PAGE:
New Product Watch: Grab Bars in Plain Sight:

December 24th, 2009 § 5 Comments


Grab bars or Safety Bars, what ever you call them, when you think of grab bars, what comes to mind? Utilitarian? Ugly, even? Well the folks at Health Craft Products came out with a new line called the Invisia Collection.

The Invisia™ Collection is based on a simple concept; GRAB BARS SHOULD NOT LOOK LIKE GRAB BARS.

In keeping with this concept, Health Craft Products has designed a series of luxurious bathroom accessories that also happen to be grab bars hidden in plain sight. Great ideas for “Aging in Place” Design.



WTRH-CRP, Wall Toilet Roll Holder, Bright Polish Chrome Plate


Add a touch of elegance and just the right amount of support with the Accent Ring. Corian® shelves provide ample space for toilet roll storage or other items while the discrete hand rail offers trustworthy support.


 ACR-CRP, Accent Ring, Bright Polish Chrome Plate

 A unique and incredibly solid handrail designed to contour circular shower fixtures and provide support when accessing controls.

  CS-CRP, Corner Shelf, Bright Polish Chrome Plate


The Corian® shelf provides a generous surface that can be removed for easy cleaning. The reliable support rail is always within reach to offer a helping hand. 




TB-24-CRP, Towel Bar, 24″/61cm, Polish Chrome Plate

Add a simple yet elegant touch to any bathing area. The 16″ or 24″ towel bar provides ample space to display virtually any towel set while the graceful arc of the integrated support rail creates a functionally superb design element.


For more information visit, http://healthcraftproducts.com/invisiacollection.htm

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Oyster Tub By Salvinistile

September 19th, 2009 § 3 Comments


Specs.
Size: 70.85″ x 42.15″ x 26.60″
Material: Marble
Design By: Architect Carla Baratelli for Salvinistile
Country: Italy

This is more than just design in marble. As shown from their web site, click the photos to link back to more photos from House 8, this is European designed “concept living”. Shapes influenced by nature is a trend we are seeing more of in sinks and tubs.

Great design if you are Michael Phelps, limber enough to move in and out of water like a fish. For those of us who are aging less than gracefully, planning a design with safety factors in mind is critical.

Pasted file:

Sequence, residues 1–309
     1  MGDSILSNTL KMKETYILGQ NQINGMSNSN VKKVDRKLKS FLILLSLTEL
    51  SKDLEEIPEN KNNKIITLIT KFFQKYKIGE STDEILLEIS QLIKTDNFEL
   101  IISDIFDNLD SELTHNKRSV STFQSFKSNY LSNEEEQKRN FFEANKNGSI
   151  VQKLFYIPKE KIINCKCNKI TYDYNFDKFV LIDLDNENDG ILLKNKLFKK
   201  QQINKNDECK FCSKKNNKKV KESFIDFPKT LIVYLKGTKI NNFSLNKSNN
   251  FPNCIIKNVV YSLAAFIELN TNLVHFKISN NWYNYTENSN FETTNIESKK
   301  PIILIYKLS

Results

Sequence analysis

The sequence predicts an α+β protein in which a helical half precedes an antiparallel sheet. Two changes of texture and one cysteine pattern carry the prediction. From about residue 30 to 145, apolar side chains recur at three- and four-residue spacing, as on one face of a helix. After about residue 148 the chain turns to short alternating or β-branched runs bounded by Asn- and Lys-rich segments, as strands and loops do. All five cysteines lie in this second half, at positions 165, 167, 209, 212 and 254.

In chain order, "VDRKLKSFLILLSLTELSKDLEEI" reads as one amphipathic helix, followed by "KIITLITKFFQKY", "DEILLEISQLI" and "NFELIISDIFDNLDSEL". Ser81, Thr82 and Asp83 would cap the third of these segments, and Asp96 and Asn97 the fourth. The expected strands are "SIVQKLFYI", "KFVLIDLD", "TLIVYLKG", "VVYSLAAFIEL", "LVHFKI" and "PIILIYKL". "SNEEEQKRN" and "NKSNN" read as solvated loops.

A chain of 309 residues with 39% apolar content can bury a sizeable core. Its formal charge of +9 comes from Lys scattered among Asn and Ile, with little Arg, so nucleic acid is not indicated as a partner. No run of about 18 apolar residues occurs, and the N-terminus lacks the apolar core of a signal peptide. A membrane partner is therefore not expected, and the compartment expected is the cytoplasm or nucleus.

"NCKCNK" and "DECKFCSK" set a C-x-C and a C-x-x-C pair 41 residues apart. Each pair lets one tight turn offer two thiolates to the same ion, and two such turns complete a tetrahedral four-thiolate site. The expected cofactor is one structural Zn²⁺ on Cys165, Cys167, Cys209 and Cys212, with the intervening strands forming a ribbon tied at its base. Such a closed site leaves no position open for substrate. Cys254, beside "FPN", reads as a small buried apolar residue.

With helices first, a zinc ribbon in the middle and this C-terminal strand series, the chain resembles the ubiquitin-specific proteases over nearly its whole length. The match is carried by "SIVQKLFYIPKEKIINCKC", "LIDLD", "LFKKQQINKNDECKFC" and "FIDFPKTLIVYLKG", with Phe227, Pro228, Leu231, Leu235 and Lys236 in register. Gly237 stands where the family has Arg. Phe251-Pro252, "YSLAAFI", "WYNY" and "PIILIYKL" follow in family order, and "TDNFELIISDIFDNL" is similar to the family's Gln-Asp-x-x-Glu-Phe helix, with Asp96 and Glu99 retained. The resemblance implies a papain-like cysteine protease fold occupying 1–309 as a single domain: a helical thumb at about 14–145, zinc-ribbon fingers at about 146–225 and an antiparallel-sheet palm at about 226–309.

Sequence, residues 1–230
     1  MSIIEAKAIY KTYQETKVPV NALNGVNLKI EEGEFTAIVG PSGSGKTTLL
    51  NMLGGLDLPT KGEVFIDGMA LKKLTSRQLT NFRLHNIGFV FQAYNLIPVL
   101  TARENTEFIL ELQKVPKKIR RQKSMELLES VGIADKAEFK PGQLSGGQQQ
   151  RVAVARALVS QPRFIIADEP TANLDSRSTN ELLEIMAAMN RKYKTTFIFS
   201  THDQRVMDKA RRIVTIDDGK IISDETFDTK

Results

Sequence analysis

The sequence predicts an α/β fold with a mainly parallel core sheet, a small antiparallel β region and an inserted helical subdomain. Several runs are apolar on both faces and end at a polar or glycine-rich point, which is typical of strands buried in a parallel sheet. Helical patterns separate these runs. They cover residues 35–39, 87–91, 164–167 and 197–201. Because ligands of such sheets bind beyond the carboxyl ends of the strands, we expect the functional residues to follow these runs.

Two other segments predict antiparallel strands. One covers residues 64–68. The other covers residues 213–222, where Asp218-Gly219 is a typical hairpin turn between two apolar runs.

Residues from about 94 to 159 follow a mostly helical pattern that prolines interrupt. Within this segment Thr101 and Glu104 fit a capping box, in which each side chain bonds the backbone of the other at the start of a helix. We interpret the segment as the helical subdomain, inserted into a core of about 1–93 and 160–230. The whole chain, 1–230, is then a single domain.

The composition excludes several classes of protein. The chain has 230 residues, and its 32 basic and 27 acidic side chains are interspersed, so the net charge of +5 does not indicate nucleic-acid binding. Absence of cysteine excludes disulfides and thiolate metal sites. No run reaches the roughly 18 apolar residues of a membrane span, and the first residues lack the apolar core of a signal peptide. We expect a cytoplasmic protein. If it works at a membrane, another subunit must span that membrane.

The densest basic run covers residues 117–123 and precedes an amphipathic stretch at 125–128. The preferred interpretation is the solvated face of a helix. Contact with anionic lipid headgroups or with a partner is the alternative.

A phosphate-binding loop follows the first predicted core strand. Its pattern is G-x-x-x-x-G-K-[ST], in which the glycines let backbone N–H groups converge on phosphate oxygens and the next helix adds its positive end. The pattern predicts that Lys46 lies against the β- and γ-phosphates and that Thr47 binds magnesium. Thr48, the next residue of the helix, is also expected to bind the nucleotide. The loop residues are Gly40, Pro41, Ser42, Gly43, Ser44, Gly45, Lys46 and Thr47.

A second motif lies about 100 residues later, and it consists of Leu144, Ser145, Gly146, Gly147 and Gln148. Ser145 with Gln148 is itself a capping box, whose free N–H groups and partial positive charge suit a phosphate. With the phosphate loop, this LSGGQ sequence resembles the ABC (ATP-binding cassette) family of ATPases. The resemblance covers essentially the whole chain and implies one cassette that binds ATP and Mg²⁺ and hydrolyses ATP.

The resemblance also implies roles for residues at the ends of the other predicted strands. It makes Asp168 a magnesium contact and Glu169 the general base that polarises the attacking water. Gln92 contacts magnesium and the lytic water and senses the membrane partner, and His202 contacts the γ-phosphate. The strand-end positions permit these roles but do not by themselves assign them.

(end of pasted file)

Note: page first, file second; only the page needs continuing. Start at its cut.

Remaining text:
The National Kitchen & Bath Association developed the Bathroom Planning Guidelines with Access Standards to provide designers with good planning practices that consider the needs of a range of users.

Grab Bars: Plan grab bars to facilitate access to and maneuvering within the tub and shower areas.

Tub and shower walls should be prepared (reinforced) at time of construction to allow for installation of grab bars to support a static load of 250 lbs.

Grab bars should be placed at least 33” – 36” above the floor.

Grab bars must be 11⁄4” to 2” in diameter and extend 11⁄2” from the wall.

Access Standard

Recommended: Walls throughout the bathroom should be prepared (reinforced) at time of construction to allow for installation of grab bars to support a minimum of 250 lbs. of pressure.

Grab bars should be placed according to the needs and height of the user, particularly near the tub/shower and the toilet.

Code Reference:

  • Grab bars should be installed at the tub, shower, and toilet according to the following:
  • Bathtubs with permanent seats: Two horizontal grab bars (a1) should be provided on the back wall, one between 33” and 36” above the floor and the other 9” above the rim of the bathtub (a2). Each grab bar should be no more than 15” from the head end wall or 12” from the foot end wall. A grab bar 24” long should be provided on the foot end wall at the front edge of the bathtub. (ANSI 607.4.1)
  • Bathtubs without permanent seats: Two horizontal grab bars should be provided on the back wall, one between 33” and 36” above the floor and the other 9” above the rim of the bathtub (a3). Each grab bar should be at least 24” long and no more than 24” from the head end wall or 12” from the foot end wall. A grab bar 24” long should be provided on the foot end wall at the front edge of the bathtub. A grab bar 12” long should be provided on the head end wall at the front edge of the bathtub (a4). (ANSI 607.4.2)

For More information:
Salvini Stile
NKBA.org
Michael Phelps Photo Credit Link

Firefighters ‘chagrined’ by station blaze

June 29th, 2009 § 2 Comments

Here is an interesting story. No one is immune from danger in the kitchen, not even firefighters. Fire fighters learn lesson of leaving food unattended on a hot stove.